This blog has been critical of Holford’s writing on MMR, autism and Wakefield. We were surprised that Holford made such a hash of summarising the evidence on this issue, and especially disturbed that he failed to note that Wakefield faced serious charges from the GMC – including the charge that he carried our unethical, unnecessary, painful and potentially harmful experiments on vulnerable children. Naturally, I expected that – even if Holford chose not to let his readers know about the serious charges Wakefield faced – the mainstream media would offer a more accurate summary of the issues. At least as far as the Observer is concerned, I was disappointed. My next post will look in more detail at the ethics of experimenting on children – if right-on papers like the Observer are totally incapable of doing a competent job of this, maybe blogs can offer slightly less dismal coverage – but first I think that the Observer deserves some attention.
Last week, the Observer ran a jaw-droppingly awful front page article on MMR. Luckily, though, they have a Readers’ Editor – Simon Pritchard – to correct this type of mistake. Well, kind-of. In fact, in a “short piece…riddled with self-exoneration“, Pritchard fails to correct most of the mistakes in the original article, and actually includes basic mistakes in his own column. Genius.
Pritchard ends his column by stating that “the central point, in my view, is that the leaked story of the apparent rise in the prevalence of autism was a perfectly legitimate and accurate story in its own right, which did not need the introduction of the MMR theory.” However, this was only a draft study and therefore was not reliable. Prof. Baron-Cohen (a prominent participant in the team behind the leaked study, described by the Times as “head of the Autism Research Centre at Cambridge University and one of the most authoritative figures in the field”) makes clear that the leaked draft was at a stage where it “is as accurate as jottings in a notebook”. More damningly, the alarmist 1/58 autism rate referred to by the Observer was, um, not a measure of autism diagnoses – but results of a pretty basic questionnaire, which showed that 1/58 research subjects were at risk of being on the autistic spectrum. Moreover, for Baron-Cohen we should interpret the current rise in autistic spectrum disorder diagnoses as “more to do with diagnostic practice” than a rise in autism rates. So the leaked study only showed an ‘apparent’ rise in autism rates for those who lack basic statistical and critical analysis skills. Perhaps the Observer should get a Science Readers’ Editor – so that it can properly correct its mistakes in future – or just find a Readers’ Editor with basic analytical skills.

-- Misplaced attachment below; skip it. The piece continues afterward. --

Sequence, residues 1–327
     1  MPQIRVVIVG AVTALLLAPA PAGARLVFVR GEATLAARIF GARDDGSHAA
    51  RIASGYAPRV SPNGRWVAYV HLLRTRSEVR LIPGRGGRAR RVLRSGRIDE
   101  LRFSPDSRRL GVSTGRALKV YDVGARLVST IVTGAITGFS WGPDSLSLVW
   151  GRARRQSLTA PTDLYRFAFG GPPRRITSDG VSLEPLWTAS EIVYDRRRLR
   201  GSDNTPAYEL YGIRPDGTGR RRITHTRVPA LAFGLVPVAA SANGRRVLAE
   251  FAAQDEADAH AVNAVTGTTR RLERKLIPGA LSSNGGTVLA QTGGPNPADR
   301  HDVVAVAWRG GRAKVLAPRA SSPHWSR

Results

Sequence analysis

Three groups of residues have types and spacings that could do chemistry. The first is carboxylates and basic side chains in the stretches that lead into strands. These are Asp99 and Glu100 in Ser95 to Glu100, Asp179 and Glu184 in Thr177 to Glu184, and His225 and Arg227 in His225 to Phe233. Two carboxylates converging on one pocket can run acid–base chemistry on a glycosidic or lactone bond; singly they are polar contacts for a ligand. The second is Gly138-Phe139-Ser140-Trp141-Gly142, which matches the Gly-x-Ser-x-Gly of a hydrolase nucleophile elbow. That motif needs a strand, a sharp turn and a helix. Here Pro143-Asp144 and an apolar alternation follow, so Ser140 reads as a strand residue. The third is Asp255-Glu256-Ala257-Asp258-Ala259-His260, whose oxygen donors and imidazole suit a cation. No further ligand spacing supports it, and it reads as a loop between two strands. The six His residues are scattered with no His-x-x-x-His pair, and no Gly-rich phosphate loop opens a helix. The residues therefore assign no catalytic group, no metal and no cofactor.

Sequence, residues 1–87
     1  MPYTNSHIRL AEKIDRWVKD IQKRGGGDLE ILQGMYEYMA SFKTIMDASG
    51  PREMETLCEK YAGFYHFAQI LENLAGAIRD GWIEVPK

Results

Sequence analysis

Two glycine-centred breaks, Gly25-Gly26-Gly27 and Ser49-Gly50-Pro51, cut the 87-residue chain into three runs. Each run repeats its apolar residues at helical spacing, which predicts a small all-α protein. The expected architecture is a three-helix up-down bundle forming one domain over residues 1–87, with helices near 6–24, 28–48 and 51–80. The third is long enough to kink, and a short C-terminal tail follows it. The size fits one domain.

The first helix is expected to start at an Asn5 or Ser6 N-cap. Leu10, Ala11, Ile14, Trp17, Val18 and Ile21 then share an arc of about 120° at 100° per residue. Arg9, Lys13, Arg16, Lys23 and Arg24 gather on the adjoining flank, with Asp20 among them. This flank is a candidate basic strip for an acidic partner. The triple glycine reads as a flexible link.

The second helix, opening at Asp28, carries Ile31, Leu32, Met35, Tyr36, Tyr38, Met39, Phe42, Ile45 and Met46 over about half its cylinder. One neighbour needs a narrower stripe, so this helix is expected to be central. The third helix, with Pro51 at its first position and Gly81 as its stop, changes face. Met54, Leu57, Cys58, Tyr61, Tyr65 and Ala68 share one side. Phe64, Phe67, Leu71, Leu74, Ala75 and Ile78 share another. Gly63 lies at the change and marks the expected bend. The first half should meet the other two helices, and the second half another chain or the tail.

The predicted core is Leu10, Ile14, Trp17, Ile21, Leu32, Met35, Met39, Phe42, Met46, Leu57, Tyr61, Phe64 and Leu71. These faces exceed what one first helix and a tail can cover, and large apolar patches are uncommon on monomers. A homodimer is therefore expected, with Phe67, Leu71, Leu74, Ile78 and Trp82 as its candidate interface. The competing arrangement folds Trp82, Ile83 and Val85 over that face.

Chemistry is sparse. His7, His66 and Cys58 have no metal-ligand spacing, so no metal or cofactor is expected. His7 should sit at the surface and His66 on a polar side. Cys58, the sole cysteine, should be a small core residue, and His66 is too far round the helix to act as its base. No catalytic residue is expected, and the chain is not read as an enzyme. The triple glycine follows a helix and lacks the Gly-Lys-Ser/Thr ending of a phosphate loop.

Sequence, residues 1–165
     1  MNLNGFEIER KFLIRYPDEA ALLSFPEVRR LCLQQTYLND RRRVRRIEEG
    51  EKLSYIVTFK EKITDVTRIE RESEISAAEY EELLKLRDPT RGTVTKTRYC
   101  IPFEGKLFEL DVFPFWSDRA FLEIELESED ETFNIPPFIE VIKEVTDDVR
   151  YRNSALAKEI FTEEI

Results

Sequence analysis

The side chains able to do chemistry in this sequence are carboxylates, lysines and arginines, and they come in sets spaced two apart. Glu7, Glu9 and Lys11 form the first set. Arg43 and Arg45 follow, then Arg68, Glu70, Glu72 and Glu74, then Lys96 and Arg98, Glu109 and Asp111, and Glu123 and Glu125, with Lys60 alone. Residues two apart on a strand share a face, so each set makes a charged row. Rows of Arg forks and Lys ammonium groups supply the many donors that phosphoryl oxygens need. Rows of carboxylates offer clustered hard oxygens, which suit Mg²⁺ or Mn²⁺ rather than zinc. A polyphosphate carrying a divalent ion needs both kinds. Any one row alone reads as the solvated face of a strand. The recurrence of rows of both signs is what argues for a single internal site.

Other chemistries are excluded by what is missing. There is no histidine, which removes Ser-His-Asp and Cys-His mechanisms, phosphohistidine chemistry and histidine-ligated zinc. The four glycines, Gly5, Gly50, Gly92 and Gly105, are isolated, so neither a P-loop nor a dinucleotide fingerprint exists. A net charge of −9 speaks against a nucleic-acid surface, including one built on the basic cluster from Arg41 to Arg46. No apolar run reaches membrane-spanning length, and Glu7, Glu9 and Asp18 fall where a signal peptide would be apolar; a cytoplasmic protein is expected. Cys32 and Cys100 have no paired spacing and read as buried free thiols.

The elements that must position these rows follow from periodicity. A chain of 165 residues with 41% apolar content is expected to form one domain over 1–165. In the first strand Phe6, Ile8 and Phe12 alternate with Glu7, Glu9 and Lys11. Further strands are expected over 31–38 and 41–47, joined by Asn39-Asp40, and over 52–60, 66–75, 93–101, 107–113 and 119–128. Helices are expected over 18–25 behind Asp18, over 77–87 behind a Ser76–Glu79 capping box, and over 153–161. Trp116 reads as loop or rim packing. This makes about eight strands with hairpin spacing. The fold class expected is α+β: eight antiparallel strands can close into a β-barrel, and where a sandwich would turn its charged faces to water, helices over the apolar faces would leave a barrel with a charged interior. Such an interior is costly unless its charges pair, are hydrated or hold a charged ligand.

The front page Observer story on Wakefield – and their pathetic attempts at an apology – both got their facts seriously wrong. They also both failed to mention the details of the serious charges against Wakefield – including allegations of unethical experiments on children. Aside from making their coverage of debates around Wakefield and MMR extremely partial, this strikes me as disrespectful to those children who allegedly suffered as a result of Wakefield experimenting on them.
I still believe that Holford owes it to his readers and supporters – and to the alleged victims of Wakefield – to correct his claim that Wakefield might be “struck off for…challenging the status quo”. I also believe that the Observer owes it to its readers to devote a substantial piece – as the mistakes pile up and are compounded by the failure to issue a prompt and accurate correction, I would suspect that several thousand words will be necessary – to correct its very basic, very careless errors.
Measles is a far from trivial condition: 12% of children and 20% of adults who contract measles will be hospitalised, and measles can have very serious effects. While the number of measles cases is rising in the UK – due to falling vaccination rates – we are not, yet, seeing that many people effected by the illness (although if one child suffers unnecessarily that is, of course, too many). Anti-vaccination bad science might therefore seem like harmless ‘alternative’ science. However, as herd immunity falls and measles cases continue to rise, the consequences of spreading inaccurate information about MMR vaccination will become steadily more apparent: consultant epidemiologist Mary Ramsay is “predicting an epidemic from this, and many places in London are already at a point where an epidemic can occur”. I hope that Patrick Holford, Denis Campbell, Simon Pritchard, and other newspaper editors, journalists and media personalities who have helped to spread bad vaccination science feel very, very proud.